For him and others who have endured what he’s been through, the post-traumatic stress disorder they bring back home doesn’t necessarily feel like a disorder: It just feels like being fully awake and doing one’s job. When the same Marine must later make what seems like a heart-wrenchingly difficult decision, his training kicks in reflexively. What would for most other people constitute a thorny existential question registers for him as a purely practical one. Like any good Marine, he has been taught to break emergent crises down into simple binaries and subject them to instantaneous cost-benefit analysis. Or, as a character in the story “After Action Report” puts it: “There aren’t a lot of times in your life that come down to, Do I press this button?” When you’re a Marine sniper, and when the button in question is actually a trigger, thin-slicing becomes more than a Malcolm Gladwell buzzword: It becomes a strategy for survival.
It’s not only the grunts getting an unsentimental education in Klay’s Iraq. In the story “Prayer in the Furnace,” a Marine chaplain is sickened by his unit’s moral mission creep — from peacekeeping to acts of aggression to what sounds a lot like war crimes. When he voices his concerns to the unit’s top brass, he discovers that inertia and professional jealousy are by no means limited to civilian workplaces. And in what may be this collection’s richest and most fully realized story, “Money as a Weapons System,” a Foreign Service officer is gradually made to understand how small-bore politics and bureaucratic bean-counting have combined to make the postwar rebuilding effort into a horrendously wasteful free-for-all. The Iraqis need potable water and adequate health care; meanwhile, he’s under pressure from the State Department and self-interested lawmakers back home to teach these desperate people “job-creating” beekeeping skills and introduce them to the character-strengthening institution of baseball.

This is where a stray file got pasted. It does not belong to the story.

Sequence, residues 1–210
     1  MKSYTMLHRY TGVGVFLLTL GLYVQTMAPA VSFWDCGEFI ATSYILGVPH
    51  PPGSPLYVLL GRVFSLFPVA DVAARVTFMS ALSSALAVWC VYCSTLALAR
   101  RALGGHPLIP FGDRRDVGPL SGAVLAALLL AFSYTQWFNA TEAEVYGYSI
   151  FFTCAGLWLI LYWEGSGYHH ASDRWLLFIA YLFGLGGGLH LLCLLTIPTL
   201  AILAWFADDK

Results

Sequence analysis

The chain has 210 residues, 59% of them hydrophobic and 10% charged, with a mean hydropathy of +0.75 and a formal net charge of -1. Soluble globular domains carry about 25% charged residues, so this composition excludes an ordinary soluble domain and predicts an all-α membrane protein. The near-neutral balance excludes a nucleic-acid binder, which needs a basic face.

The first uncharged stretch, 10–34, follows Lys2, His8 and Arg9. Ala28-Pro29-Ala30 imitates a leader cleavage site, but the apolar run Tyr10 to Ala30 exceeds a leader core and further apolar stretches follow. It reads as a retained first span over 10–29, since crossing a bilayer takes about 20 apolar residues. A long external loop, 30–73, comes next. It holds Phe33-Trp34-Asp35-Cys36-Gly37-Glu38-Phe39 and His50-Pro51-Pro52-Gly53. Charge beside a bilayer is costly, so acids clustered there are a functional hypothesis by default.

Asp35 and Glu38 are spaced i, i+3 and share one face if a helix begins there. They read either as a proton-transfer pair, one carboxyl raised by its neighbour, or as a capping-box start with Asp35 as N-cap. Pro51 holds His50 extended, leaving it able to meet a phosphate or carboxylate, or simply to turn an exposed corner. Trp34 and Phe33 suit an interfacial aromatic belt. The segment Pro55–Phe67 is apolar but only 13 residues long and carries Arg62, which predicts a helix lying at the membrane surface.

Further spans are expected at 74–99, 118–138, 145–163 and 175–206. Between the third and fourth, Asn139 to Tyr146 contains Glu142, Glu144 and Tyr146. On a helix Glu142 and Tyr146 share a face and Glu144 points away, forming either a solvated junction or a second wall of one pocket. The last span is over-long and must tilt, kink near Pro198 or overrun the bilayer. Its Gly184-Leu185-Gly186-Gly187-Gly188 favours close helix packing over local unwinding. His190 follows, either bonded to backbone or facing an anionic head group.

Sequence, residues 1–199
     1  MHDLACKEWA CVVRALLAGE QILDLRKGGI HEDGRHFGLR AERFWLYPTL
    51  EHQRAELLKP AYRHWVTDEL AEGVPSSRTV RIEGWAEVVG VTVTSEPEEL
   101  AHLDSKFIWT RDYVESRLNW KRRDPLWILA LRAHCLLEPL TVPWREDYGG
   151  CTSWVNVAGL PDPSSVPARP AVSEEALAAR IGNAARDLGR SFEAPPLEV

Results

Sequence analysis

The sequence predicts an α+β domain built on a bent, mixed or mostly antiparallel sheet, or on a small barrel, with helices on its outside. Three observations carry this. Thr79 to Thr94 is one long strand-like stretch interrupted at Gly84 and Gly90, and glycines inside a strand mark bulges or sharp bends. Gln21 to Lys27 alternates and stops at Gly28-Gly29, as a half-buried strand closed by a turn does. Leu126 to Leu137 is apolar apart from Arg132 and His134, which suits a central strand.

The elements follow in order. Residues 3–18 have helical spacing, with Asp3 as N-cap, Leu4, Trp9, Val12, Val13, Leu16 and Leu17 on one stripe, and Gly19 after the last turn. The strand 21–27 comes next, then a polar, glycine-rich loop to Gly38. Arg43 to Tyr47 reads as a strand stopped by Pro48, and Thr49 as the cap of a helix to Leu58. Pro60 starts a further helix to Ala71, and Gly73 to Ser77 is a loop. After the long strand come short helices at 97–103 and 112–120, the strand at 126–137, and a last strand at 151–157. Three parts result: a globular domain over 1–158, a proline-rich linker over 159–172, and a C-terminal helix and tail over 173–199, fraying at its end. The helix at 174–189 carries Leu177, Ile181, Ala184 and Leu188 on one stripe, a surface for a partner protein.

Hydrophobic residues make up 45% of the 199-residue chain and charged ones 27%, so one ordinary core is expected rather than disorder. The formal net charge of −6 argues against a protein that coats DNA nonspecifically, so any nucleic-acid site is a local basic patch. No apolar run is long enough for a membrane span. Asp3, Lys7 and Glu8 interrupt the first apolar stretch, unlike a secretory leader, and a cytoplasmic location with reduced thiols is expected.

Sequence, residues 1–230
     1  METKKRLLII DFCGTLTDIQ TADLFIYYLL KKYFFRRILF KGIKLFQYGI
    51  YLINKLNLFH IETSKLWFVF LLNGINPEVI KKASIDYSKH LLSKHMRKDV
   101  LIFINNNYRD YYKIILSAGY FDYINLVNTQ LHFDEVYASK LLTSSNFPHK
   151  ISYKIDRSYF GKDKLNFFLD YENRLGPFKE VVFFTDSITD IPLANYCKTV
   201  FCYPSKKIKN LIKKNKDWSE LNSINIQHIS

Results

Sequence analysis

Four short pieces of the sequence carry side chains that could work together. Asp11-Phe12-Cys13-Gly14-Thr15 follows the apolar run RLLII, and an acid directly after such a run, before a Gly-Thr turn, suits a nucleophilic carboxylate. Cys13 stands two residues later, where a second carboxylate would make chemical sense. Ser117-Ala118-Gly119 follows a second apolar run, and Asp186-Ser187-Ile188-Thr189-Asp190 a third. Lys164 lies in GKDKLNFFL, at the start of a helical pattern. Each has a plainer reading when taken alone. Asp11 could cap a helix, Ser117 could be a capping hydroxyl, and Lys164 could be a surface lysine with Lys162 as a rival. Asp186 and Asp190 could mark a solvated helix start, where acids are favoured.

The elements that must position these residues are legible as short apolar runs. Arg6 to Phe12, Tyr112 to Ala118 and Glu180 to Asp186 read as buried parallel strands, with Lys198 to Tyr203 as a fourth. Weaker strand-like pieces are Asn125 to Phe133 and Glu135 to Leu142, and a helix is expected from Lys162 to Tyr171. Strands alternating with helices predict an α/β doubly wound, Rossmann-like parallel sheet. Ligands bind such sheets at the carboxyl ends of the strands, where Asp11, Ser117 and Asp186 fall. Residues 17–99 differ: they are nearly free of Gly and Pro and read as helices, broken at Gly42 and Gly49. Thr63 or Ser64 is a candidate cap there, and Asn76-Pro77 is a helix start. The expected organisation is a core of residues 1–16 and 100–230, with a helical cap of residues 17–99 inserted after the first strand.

“There’s a perversity in me that, when I talk to conservatives, makes me want to bash the war and, when I talk to liberals, defend it.” That’s how the self-aware PsyOps specialist-turned-Amherst undergrad sums up his ambivalence about his service to his country. Conservative and liberal civilians may not get it. But Phil Klay, whose admiration and affection for his fellow Marines is as clear as his worry that they may have ultimately been misused, certainly gets it.
Our fighting men and women deserve many things, from ticker-tape parades to decent veterans’ benefits to truthful rationales from the policymakers who send them into harm’s way. But at the very least, they deserve the right to challenge the perceptions of anyone who wasn’t there.
Turrentine, an editor at OnEarth, is a frequent Book World reviewer.
On Thursday March 13 at 7 p.m., Phil Klay will be at Politics and Prose Bookstore (202-364-1919). On Friday March 14 at 7 p.m., he will be in conversation with novelist Jennifer Vanderbes at the Hill Center at the Old Naval Hospital (202-549-4172).
By Phil Klay
Penguin Press. 291 pp. $26.95